Together for Short Lives
Call the Helpline 0808 8088 100

Infant mortality and diminished entelechy in three European countries

Publication year
Bruckner, T. A.; Catalano, R. A.

Individual-level research reports that adverse environmental conditions during infancy increase the risk of mortality later in life. Extending this model to populations implies what we call the "diminished entelechy" hypothesis in which birth cohorts subjected to virulent environmental insults early in life experience increased mortality at older ages and do not realize their otherwise expected lifespan. Controversy remains as to whether the individual-level findings generalize to populations. We test the "diminished entelechy" hypothesis by measuring the association between infant mortality and life expectancy at age one for males and females born in Sweden (1751-1912), Denmark (1835-1913), and England and Wales (1841-1912). Time-series methods control for trends and other forms of autocorrelation that could confound the associations. Results support diminished entelechy in Sweden and England and Wales, but not in Denmark, in that environmental insults during infancy appear associated with reduced cohort lifespan. We then explored when in the life course the sequelae of infancy appear most salient. We examined cohort associations between infant mortality and mortality during childhood (1-4 years), youth (5-19 years), adulthood (20-54 years), and old-age (55-79 years). We generally find that infant cohort effects appear to "program" the mortality experience in youth, but not in adulthood or old-age. These findings conflict with the notion that improved conditions during infancy shaped the historical decline of old-age mortality.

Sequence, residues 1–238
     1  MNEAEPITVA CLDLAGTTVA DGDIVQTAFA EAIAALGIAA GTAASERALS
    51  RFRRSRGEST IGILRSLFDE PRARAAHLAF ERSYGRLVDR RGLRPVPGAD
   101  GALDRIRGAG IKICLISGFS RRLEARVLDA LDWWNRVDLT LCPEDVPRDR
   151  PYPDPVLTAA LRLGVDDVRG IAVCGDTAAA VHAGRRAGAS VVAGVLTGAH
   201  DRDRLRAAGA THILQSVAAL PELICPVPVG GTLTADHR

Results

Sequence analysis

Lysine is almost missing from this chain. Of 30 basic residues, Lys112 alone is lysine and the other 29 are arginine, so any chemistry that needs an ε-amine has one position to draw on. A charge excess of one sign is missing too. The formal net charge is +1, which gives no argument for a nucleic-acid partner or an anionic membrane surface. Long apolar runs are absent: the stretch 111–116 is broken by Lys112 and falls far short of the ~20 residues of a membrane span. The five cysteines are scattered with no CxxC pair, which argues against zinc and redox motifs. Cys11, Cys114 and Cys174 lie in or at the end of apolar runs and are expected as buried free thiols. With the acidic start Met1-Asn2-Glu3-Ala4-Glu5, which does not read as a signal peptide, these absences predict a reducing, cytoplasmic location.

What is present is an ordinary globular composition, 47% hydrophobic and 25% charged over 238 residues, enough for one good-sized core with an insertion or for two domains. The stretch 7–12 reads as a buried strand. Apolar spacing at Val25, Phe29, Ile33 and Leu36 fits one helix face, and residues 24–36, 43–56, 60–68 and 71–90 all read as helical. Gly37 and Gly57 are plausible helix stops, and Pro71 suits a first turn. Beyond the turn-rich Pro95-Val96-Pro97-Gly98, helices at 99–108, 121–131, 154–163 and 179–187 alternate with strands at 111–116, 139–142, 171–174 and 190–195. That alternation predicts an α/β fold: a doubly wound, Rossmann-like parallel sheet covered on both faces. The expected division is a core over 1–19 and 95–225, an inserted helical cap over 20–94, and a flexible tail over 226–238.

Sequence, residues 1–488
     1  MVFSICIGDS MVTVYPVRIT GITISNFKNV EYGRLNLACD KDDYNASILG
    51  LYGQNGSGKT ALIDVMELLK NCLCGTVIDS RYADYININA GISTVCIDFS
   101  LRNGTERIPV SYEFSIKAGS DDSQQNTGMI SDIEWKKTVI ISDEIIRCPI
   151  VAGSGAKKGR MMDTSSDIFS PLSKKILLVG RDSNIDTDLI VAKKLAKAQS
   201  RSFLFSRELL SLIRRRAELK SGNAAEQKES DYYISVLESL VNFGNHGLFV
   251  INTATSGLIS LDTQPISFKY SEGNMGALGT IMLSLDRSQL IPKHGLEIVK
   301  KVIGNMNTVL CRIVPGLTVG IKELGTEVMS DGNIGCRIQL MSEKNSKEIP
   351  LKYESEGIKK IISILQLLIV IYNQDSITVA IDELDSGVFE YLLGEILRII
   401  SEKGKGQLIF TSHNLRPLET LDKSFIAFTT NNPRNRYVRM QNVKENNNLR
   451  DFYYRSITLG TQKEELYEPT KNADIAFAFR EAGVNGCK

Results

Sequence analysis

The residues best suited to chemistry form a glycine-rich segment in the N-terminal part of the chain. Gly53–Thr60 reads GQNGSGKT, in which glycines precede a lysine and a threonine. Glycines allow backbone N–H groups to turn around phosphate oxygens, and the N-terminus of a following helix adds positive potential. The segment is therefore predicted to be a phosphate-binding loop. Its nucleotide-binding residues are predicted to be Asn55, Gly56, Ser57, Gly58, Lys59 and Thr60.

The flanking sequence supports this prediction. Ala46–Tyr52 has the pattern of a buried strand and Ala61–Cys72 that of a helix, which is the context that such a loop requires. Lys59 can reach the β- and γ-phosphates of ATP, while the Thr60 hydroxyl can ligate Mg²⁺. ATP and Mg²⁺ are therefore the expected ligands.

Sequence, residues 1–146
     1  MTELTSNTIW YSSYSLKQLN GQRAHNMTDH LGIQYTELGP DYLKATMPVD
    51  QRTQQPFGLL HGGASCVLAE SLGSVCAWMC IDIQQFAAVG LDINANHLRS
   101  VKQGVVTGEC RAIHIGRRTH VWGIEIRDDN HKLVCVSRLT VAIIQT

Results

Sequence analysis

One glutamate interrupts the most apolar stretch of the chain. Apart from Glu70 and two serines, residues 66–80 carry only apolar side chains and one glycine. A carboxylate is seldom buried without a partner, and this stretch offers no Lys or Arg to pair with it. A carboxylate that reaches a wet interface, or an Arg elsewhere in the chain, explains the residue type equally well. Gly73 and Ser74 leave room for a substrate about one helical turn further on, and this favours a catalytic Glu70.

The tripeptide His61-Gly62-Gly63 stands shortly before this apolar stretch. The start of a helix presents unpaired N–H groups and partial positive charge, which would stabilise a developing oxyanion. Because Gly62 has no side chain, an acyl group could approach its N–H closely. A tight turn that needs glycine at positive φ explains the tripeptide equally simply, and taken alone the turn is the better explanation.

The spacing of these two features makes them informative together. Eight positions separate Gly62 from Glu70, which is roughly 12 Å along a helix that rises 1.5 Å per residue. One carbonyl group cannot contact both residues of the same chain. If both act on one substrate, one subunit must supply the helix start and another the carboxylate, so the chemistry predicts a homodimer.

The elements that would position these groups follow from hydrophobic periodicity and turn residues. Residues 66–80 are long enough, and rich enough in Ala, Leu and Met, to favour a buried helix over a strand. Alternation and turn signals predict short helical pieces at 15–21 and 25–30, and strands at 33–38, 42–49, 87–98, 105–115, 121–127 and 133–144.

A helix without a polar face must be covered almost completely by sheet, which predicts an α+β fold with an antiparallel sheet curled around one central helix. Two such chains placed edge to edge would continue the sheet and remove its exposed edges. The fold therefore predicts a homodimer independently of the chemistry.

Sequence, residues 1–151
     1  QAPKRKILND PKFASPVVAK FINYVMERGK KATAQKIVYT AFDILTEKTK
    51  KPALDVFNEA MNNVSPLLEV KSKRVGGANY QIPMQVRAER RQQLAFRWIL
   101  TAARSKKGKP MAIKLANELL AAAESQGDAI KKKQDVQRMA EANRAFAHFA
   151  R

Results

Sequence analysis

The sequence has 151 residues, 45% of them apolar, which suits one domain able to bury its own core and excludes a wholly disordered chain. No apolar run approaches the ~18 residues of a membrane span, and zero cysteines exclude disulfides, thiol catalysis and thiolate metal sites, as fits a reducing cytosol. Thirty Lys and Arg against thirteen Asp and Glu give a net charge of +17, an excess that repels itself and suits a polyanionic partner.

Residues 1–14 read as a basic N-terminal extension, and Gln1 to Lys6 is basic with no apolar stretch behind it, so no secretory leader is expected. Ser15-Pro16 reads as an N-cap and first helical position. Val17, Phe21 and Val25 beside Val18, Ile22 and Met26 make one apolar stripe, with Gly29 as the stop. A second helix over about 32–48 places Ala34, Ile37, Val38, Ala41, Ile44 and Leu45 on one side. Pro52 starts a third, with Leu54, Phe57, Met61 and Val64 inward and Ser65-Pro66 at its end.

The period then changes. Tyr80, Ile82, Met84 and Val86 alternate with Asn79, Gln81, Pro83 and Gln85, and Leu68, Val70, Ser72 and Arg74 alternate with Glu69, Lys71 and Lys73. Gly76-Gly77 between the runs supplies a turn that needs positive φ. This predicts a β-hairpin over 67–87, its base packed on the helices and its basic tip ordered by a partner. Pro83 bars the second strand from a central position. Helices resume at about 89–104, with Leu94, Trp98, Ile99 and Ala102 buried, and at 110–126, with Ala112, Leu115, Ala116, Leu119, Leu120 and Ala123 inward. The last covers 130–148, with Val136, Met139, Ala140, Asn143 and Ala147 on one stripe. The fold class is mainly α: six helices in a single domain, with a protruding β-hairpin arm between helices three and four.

Research abstracts